I am probably rambling, but I think this incremental versus instantaneous distinction is vital. Most churches that are established want to eat the elephant one bite at a time and hope people will be able to handle the change in small bits. If we talk about leadership, there is no incremental way to go from top-down authoritarianism to bottom-up servanthood. You stop the old way, switch to the new way, and deal with the whiplash effect. Now if you want to tweak the top-down to make it less arbitrary, maybe less mean-spirited, less personality centered – that can be done incrementally because there is a continuum to move along gradually since there is no fundamental change happening. It is just a new form of top-down.

If a church is going to move from self-centered keepers of the faith to Kingdom outposts to bless a non-confessing world, that cannot be done little by little. Trying to do it gradually usually means that it never happens. What one can do in an established church is to start creating a new church within the old church – the new one operating in a whole new way. People are invited to join the journey. Of course, through time the difference will become apparent, and often that can be painful and difficult. What many want is incrementalism. “Can’t you preach about grace and yet say things to emphasize the old essentials?” – as if those were compatible and the switch could happen gradually.

For me, the new emergent paradigm of church is so radically different that it cannot be ushered in through old means. In other words, the new pattern is not top-down, so it cannot be brought in through a top-down mandate. That would be a contradiction. The new is lived, not organized and implemented. So I think ultimately you are looking at people opting out of old ways, adopting new ways, and jumping to a whole new paradigm. If the “leadership” agrees, they cease to be “leaders” in any modern organizational sense and begin living a new reality. Can your congregation endure the whiplash and enter the new world? I don’t know.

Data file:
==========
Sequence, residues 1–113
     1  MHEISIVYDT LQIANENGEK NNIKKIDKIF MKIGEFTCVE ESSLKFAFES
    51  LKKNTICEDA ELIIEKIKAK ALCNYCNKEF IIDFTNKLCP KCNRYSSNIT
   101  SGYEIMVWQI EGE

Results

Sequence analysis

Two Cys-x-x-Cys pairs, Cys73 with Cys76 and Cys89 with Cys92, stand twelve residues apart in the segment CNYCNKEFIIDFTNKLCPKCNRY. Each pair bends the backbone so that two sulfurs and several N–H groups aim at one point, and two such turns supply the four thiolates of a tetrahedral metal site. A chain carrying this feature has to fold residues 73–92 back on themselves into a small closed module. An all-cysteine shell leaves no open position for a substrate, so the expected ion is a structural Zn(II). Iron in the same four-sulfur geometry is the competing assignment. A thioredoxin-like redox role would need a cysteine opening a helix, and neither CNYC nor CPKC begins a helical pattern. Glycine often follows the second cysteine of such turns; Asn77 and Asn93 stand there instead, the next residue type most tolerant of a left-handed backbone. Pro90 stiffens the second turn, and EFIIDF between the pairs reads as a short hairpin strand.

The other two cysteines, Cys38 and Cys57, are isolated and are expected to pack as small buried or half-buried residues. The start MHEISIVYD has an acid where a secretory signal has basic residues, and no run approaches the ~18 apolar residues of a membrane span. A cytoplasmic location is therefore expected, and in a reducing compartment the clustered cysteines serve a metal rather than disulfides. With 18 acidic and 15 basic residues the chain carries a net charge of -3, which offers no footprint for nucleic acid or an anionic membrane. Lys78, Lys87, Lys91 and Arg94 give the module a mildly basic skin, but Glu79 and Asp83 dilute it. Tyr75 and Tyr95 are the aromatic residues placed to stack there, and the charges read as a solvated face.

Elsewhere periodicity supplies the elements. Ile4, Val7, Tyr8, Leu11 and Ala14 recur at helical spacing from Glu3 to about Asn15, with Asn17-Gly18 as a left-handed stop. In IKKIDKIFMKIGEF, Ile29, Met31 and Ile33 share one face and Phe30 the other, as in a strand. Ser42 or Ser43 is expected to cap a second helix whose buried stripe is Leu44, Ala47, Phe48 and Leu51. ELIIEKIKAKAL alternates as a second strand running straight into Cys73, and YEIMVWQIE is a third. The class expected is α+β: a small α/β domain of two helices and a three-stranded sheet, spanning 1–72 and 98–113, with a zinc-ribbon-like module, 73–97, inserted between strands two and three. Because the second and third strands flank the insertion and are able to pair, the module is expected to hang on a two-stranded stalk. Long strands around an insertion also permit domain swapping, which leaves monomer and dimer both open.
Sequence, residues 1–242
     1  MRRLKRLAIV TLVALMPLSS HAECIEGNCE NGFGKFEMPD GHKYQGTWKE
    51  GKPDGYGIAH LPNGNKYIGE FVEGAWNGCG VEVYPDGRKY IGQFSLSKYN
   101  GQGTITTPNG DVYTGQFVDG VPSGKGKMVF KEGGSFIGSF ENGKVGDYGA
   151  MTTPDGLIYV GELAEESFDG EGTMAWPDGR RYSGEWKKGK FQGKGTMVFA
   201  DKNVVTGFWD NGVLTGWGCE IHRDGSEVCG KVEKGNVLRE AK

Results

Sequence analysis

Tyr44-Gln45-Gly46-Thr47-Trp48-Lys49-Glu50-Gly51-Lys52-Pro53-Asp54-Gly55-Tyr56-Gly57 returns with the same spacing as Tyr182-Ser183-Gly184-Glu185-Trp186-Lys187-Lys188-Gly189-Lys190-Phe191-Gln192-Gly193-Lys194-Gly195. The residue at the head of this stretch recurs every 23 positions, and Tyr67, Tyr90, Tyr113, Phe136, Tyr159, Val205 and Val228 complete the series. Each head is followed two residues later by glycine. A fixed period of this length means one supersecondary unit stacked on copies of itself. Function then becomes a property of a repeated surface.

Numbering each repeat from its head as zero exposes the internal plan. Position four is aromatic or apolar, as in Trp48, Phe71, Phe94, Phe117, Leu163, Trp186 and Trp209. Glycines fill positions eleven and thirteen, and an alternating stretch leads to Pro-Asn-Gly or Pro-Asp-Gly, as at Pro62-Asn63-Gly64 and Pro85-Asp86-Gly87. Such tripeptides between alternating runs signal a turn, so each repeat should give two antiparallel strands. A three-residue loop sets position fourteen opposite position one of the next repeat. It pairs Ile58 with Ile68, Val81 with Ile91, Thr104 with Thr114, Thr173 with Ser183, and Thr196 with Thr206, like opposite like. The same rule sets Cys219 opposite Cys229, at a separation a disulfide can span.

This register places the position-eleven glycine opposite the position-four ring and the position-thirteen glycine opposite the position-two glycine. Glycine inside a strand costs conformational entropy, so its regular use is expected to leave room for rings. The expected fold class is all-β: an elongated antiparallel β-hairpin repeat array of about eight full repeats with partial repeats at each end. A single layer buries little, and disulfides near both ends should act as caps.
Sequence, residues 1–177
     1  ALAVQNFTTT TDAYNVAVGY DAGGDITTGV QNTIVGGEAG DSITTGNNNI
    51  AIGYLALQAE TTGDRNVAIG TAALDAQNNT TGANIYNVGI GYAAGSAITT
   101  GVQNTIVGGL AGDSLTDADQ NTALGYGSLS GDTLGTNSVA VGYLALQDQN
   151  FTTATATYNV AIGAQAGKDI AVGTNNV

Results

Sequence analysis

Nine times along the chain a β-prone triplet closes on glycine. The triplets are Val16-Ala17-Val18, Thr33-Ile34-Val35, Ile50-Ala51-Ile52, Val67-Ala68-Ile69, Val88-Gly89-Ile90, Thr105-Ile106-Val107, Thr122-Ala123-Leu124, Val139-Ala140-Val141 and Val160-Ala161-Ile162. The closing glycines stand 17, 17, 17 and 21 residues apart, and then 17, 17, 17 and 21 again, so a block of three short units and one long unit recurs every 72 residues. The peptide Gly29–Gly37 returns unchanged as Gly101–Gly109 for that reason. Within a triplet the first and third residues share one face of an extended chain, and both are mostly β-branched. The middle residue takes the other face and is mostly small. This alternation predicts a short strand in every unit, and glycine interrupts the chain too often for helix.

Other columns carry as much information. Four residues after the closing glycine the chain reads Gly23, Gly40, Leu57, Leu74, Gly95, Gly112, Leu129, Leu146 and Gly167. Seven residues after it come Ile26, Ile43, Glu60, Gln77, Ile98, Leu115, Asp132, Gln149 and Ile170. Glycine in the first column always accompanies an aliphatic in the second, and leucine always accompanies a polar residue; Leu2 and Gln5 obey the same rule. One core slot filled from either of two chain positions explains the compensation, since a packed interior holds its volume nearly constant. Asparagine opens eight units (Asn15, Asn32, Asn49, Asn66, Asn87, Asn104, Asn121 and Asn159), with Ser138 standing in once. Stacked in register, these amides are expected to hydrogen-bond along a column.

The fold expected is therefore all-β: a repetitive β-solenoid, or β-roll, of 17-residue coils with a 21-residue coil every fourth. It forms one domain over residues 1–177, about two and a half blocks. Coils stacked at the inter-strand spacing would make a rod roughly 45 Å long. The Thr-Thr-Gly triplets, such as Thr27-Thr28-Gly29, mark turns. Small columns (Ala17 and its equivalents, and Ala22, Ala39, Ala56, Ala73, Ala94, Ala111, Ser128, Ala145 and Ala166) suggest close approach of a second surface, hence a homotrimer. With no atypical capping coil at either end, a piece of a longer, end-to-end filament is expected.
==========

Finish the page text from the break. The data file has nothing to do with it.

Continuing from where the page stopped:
My fear is that you’ll actually act on what I’ve written. I’m not even sure of what that would mean at this point. Let me think on this and maybe that will come in a later installment.

4 comments:

Mark said...

Man was that a mouthful!! And so right on. I am really feeling that whole idea of operating in a "different" world right now where I am. I really don't thik I can or even should try to change it, but I am definitely speaking a different language and I'm sure there are times when I make them think I'm a little too far "out there". I'm just not asking the same questions so I come up with different answers.

Edward Fudge said...

Thanks, Greg . . . and God bless!

Keith Brenton said...

So, uh, Greg ... are we talking about a whole new set of wineskins here?

Greg Newton said...

Sure, Keith . . . but do we know what that well-worn metaphor looks like? Some seem to believe that an incremental modification of a long-standing practice is a "new wineskin" . . . but I doubt you're one of those.